A Biblical Defense of Same-Sex Relationships
It should come as no surprise by now for me to say that I love blogs. I only discovered what a gift they are to my thirst for knowledge and search for different opinions very recently, but I’ve loved learning from so many different people. So I wanted to share a comment on a blog post that I read in search of a biblical interpretation that supports same-sex relationships. It’s one of the smartest, most well-reasoned ideas I’ve ever heard in this debate:
I’ve seen this “all or nothing” house of cards logic used all too often by Christians attempting to defend their particular interpretation of what the Bible says. Examples: “If evolution is true, then the entire Bible is false and God is a liar.” “If the events of Genesis didn’t take place exactly and literally as depicted, then the entire Bible is false and we have no basis for faith.” “Unless every single passage has been perfectly interpreted every single time by every single scholar to ever crack open a Bible, then you cannot trust any of it”.
I find this a rather disrespectful view of the Bible, because it ignores the obvious fact that humans are the ones reading the words, and it removes all possibility of human error from the discussion. The Bible’s perfection does not mean people of faith are never going to misinterpret it, because *people* are imperfect. And when we try to pretend human interpretation and human bias and human error are magically erased by the *Bible’s* inerrant-ness, we end up with a theology that has no means to grow, an understanding of God and people that has no room to deepen and expand, and a religion that has little bearing upon real people and their actual problems and challenges.
Sorry, but the “human part of the puzzle”, as you phrase it, is EXTREMELY important. God did not speak the Bible into existence in a void; it was given to struggling, imperfect people who had to then decide what it means for them and their lives. The Bible, God-breathed or not, is full of human stories and human foibles and human poems and…well, human-ness. If people have absolutely no bearing on the Bible and what it means, when why does every single story and letter and poem begin with who wrote it, who they wrote it to, and when they wrote it? If every single jot and letter of the Bible is God-inspired, then what other purpose would those place-and-time markers serve but to ground the writing in the human experience? *This* time, *this* place, to *this* people.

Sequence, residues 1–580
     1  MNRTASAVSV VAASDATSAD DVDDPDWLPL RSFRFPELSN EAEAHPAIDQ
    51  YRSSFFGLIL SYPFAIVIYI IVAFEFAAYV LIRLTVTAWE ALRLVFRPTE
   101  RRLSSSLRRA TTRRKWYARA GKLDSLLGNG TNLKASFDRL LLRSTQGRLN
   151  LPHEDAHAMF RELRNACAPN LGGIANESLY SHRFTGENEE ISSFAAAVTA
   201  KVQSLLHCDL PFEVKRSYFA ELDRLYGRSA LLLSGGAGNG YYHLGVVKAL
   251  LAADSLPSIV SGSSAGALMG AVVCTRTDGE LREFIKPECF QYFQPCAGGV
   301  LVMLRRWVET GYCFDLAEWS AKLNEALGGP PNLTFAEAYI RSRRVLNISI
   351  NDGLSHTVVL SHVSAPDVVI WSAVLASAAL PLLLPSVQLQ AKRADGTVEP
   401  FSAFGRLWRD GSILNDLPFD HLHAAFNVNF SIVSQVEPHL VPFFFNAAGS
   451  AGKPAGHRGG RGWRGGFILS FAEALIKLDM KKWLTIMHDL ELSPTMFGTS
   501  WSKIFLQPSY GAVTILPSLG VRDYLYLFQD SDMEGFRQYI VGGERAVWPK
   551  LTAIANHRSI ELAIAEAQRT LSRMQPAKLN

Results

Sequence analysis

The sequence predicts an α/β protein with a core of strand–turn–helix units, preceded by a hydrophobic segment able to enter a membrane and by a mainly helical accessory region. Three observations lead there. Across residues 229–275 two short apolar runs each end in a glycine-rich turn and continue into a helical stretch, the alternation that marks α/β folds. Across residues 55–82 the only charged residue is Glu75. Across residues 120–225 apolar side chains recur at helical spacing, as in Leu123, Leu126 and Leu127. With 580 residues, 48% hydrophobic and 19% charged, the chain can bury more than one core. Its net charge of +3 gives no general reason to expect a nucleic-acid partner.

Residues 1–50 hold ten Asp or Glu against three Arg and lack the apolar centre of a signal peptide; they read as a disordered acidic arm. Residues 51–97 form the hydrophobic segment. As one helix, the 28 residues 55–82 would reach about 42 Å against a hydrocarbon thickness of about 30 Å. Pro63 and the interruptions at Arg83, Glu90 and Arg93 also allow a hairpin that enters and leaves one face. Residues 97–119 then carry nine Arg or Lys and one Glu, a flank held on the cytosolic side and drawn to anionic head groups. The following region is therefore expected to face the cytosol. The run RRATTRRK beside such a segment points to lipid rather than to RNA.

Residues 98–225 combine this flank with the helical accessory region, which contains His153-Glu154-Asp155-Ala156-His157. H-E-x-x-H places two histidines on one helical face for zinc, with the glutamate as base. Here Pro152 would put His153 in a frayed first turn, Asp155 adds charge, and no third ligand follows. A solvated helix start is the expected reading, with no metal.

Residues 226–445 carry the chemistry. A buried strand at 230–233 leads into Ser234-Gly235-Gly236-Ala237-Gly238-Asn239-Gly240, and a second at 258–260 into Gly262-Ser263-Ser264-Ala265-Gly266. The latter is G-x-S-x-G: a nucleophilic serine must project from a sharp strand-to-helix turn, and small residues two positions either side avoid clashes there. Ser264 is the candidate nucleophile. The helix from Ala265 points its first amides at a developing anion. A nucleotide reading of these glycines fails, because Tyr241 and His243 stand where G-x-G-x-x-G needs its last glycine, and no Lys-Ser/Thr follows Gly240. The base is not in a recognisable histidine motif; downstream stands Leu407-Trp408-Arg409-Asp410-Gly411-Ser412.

The problem, as I see it, is this:
You and others who hold to the “traditional” interpretation hear gay marriage supporters saying something like this: “These passages (which clearly condemn all homosexuality but we’re going to pretend they don’t) are not binding upon people now because certain passages only apply to certain time periods.”
While what Michelle, Cannon, and others who have reached similar conclusions are actually saying is this: “These passages, which talk about sex between people of the same gender, are part of a larger narrative condemning idol worship and pagan religious practices of the time. Given this context, it is inconsistent to insist these passages condemn *all* homosexual behavior, just like it would be inconsistent to insist that passages condemning incest or rape are talking about *all* heterosexual behavior.”
It’s not a question of whether these passages are “wrong” or “right”…it’s a question of whether they apply to a specific situation: loving monogamous homosexual couples who wish to get married.
Looking at the context and concluding that certain verses don’t apply to certain situations is not the same as saying they don’t apply at all, ever, or that they don’t matter, or that the entire Bible is wrong. It would be silly to say that every single Bible verse automatically applies to every single possible situation by mere virtue of it being Scripture, so in that sense I suppose we *are* “picking and choosing” which verses to apply where. But just as you wouldn’t use a verse dealing with hair coverings or idols or widows to counsel a couple dealing with divorce, it doesn’t make sense to use a Bible verse dealing with the worship of pagan idols to condemn a same-sex couple that wishes to marry and start a family together. Not because those verses are “wrong”, but because they simply have nothing to do with situation at hand.
Here is the web page I pulled this comment from. It’s really good—you should check it out.